With VISTA as your current OS I believe you have the tools you need to do this with your existing drive, within limits. First step I suggest it to run the Defragmentation tool on your drive. Then look in Disk Management for how to Shrink your existing C: drive (Partition), thus creating some Unallocated Space at the end of your existing HDD unit.
Once that is done, you should be able to run Win 7 Install and be sure to install to the empty Unallocated Space, and NOT to the existing C: drive. This will create a new Partition out of that Unallocated Space and install to that new "drive".
Alternatively, of course, you could buy a new second HDD unit and run Win 7 Install to install on it, completely staying away from the Vista already on the C: drive. This actually might be neater and certainly would add to your storage space, but also add cost.
In either route, what should happen is that the Install process picks up the fact that another earlier Windows (Vista 64) already exists on the machine and will continue to exist. Then it will create a dual-boot option for you with a menu that comes up every time you boot to ask which OS you want to use this time. And in either route, the creation of the Partition and formatting of it will be done for you as early stages of the overall Install process - you don't need to do them "by hand" ahead of time. You just need to have a HDD unit with a chunk of empty Unallocated Space that can be used for this.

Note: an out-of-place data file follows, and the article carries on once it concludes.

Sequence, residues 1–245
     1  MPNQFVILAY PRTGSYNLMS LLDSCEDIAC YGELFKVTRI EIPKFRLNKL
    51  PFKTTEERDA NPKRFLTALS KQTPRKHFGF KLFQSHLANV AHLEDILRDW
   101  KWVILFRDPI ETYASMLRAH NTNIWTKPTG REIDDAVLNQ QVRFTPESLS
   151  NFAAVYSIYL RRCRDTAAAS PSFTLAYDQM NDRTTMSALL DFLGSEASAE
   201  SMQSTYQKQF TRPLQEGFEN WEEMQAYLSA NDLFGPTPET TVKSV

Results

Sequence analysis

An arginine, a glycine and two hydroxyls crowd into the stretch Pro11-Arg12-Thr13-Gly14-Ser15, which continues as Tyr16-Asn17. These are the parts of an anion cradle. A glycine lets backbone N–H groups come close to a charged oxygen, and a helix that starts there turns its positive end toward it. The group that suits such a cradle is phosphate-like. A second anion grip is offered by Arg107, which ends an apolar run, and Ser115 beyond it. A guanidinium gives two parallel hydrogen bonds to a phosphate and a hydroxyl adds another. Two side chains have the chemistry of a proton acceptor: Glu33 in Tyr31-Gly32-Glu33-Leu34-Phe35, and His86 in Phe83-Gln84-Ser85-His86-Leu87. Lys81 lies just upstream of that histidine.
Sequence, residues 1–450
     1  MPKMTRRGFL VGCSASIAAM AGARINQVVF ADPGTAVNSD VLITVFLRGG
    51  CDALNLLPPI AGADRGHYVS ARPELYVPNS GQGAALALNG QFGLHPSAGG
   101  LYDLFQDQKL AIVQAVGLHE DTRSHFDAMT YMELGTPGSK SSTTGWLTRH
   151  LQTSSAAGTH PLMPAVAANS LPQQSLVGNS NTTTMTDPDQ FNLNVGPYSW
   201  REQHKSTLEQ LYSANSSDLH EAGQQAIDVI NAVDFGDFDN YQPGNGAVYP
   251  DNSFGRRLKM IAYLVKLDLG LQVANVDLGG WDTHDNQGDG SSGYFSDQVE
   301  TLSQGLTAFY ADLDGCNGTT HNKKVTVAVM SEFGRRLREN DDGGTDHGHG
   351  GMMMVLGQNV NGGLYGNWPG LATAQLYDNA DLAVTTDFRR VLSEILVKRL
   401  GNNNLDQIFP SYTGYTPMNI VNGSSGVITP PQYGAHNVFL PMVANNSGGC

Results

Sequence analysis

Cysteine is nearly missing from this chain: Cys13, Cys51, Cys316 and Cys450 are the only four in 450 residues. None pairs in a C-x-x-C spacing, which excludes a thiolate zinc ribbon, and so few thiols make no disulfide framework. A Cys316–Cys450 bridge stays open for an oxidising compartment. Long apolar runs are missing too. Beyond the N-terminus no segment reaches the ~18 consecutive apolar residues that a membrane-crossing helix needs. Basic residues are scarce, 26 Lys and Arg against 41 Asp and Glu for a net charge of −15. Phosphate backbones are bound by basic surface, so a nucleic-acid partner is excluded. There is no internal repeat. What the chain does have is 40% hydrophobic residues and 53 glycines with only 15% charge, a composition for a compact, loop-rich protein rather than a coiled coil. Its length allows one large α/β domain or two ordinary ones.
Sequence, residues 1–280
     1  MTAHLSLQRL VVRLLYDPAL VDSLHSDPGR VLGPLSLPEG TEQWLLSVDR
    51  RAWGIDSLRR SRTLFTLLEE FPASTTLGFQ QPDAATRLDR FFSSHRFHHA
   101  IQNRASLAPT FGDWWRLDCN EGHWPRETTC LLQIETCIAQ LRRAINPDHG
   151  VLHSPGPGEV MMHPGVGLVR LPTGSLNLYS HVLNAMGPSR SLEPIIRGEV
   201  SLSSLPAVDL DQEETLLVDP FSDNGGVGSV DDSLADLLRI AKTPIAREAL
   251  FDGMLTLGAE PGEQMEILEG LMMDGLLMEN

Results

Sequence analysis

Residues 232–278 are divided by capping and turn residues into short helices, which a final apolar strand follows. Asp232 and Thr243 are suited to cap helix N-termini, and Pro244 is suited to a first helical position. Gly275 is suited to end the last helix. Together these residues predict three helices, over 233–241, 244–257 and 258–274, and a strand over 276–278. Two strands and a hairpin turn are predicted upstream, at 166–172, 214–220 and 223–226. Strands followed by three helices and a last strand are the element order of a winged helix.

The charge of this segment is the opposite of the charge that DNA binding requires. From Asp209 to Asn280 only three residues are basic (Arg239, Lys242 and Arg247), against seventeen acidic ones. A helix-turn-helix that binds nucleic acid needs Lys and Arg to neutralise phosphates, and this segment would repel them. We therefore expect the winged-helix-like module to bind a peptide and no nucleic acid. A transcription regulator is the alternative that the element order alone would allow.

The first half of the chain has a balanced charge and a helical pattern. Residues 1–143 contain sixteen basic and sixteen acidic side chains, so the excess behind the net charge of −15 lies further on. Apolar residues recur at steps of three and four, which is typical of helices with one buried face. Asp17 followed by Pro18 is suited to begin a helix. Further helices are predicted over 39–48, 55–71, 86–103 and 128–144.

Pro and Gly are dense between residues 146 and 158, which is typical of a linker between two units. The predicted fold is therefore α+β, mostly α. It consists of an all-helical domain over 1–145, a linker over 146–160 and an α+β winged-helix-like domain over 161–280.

I am glad to here that Vista has some of these tools already on the drive and I may be able to do this without losing all my information.
I have decided to buy the windows 7 32 OS, and another 320Gig hard drive(which I tried to cancel from New egg, but got denied even though I cancelled within a couple minutes of placing my order). Oh well, I guess ill have 600 gigs of free space instead of 300.
Its not all that bad though, since with a different OS on each drive, If one of my hard drives crashes, I will always have a backup OS to go into to help fix the problem. And might be better in the long run.